By John Pickens. Updated by Bruce Clark.
Below are direct links to the most important pages.
Goes over each of the internal registers and their use.
Gives a summary of whole instruction set.
Describes each of the 6502 memory addressing modes.
Describes the complete instruction set in detail.
Cycle counting is an important aspect of Atari 2600 programming. It makes possible the positioning of sprites, the drawing of six-digit scores, non-mirrored playfield graphics and many other cool TIA tricks that keep every game from looking like Combat.
Atari 2600 programming is different from any other kind of programming in many ways. Just one of these ways is the flow of the program.
The "bankswitching bible." Also check out the Atari 2600 Fun Facts and Information Guide and this post about bankswitching by SeaGtGruff at AtariAge.
Atari 2600 programming specs (HTML version).
Links to useful information, tools, source code, and documentation.
Atari 2600 programming site based on Garon's "The Dig," which is now dead.
Includes interactive color charts, an NTSC/PAL color conversion tool, and Atari 2600 color compatibility tools that can help you quickly find colors that go great together.
Adapted information and charts related to Atari 2600 music and sound.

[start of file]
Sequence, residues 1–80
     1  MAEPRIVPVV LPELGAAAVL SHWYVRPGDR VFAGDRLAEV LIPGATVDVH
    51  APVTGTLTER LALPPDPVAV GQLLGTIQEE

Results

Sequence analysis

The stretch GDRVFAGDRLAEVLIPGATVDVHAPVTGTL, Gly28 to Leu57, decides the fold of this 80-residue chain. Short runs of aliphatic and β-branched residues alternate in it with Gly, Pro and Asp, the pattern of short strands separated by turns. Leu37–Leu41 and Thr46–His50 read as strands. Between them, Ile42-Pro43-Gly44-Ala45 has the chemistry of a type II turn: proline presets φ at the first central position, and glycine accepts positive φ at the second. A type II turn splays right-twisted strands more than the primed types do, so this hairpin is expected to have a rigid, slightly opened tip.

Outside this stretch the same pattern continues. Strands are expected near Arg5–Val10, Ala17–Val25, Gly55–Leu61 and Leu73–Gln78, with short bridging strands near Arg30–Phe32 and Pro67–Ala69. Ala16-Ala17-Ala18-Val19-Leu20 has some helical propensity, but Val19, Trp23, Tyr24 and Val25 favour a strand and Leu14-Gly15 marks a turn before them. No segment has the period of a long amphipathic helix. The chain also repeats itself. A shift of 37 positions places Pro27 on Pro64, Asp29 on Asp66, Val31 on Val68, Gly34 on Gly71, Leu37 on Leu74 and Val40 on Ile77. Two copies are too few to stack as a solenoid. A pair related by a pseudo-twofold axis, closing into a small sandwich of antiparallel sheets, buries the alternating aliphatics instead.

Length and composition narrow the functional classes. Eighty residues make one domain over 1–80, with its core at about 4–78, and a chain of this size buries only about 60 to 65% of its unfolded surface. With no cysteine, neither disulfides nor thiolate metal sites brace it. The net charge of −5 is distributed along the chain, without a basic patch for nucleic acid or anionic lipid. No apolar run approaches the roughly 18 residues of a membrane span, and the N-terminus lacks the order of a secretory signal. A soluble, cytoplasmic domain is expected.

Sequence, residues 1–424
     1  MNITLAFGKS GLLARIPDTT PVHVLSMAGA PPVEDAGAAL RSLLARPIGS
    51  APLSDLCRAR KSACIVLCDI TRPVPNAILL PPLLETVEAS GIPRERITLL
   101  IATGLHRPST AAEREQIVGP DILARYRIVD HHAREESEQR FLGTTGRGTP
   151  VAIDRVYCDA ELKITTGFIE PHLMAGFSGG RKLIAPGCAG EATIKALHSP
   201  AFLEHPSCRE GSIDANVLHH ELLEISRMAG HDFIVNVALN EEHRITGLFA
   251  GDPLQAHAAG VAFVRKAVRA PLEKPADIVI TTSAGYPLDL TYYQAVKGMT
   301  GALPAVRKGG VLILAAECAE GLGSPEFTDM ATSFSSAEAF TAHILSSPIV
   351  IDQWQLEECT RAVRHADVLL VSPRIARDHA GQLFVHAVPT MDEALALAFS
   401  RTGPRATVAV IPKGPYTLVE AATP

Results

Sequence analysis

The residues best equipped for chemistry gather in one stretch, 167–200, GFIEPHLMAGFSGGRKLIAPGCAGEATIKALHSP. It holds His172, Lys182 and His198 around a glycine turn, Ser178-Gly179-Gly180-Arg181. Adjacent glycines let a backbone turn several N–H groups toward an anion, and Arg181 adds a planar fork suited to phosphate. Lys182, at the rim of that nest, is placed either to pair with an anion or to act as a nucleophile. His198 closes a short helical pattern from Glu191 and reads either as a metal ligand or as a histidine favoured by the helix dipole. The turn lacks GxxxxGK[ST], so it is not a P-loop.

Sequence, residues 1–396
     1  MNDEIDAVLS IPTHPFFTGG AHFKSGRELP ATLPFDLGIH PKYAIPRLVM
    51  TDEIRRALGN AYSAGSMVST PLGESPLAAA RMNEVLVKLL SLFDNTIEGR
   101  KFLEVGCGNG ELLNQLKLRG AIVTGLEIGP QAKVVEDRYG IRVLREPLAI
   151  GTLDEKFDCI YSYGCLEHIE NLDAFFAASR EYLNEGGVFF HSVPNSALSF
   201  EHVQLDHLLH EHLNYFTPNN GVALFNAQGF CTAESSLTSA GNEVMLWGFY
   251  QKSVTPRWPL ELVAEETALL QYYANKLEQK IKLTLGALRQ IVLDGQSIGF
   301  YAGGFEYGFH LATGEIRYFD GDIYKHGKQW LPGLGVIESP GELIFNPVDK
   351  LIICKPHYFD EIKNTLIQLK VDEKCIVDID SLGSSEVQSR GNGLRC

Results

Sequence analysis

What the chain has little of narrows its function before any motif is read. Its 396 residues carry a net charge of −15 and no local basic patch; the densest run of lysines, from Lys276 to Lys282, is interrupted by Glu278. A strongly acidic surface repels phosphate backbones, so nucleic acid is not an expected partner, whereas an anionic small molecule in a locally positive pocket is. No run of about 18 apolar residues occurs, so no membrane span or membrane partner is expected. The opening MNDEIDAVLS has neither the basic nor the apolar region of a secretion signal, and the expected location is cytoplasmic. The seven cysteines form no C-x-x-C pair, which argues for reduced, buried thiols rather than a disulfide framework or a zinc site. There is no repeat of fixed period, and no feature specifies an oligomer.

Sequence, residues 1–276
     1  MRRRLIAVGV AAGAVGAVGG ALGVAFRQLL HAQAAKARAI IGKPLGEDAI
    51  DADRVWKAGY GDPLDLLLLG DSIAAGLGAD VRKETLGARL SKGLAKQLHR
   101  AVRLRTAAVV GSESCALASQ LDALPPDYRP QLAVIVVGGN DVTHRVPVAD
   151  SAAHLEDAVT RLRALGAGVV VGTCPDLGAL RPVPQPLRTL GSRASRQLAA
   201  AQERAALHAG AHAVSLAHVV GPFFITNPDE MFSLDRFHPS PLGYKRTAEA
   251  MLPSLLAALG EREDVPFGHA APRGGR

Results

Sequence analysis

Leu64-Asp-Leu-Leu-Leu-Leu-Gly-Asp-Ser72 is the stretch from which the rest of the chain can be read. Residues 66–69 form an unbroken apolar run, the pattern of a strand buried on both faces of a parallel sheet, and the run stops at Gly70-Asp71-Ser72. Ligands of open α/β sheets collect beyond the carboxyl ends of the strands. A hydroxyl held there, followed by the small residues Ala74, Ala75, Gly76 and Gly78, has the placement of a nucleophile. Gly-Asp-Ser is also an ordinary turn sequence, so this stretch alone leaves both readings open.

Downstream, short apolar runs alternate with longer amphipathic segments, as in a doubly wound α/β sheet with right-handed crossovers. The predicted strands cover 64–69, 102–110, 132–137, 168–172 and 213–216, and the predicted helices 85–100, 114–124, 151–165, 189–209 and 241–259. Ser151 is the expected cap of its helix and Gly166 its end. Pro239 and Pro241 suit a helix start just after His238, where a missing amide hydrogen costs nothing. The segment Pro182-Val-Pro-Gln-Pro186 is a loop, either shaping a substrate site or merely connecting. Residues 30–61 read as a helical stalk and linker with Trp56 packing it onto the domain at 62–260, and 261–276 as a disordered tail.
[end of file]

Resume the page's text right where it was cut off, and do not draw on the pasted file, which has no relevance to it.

A guide and a check list for finished carts.
A multi-platform Atari 2600 VCS emulator. It has a built-in debugger to help you with your works in progress or you can use it to study classic games.
A very good emulator that can also be embedded on your own web site so people can play the games you make online. It's much better than JStella.
If assembly language seems a little too hard, don't worry. You can always try to make Atari 2600 games the faster, easier way with batari Basic.
The Good and the Bad
Negative ions are good for us. You might want to avoid positive ion generators and ozone generators. Whenever I need a new air cleaner (with negative ion generator), I buy it from surroundair.com. A plain old air cleaner is better than nothing, but one that produces negative ions makes the air in a room fresher and easier to breathe. It also helps to brighten my mood.
Never litter. If you can't find a trash can, take it home and throw it away there.
Hydrofracking is bad for you, your family, your friends, and the environment.
Unfermented soy is bad! “When she stopped eating soy, the mental problems went away.”
View this page and any external web sites at your own risk. I am not responsible for any possible spiritual, emotional, physical, financial or any other damage to you, your friends, family, ancestors, or descendants in the past, present, or future, living or dead, in this dimension or any other.
Use any example programs at your own risk. I am not responsible if they blow up your computer or melt your Atari 2600. Use assembly language at your own risk. I am not responsible if assembly language makes you cry or gives you brain damage.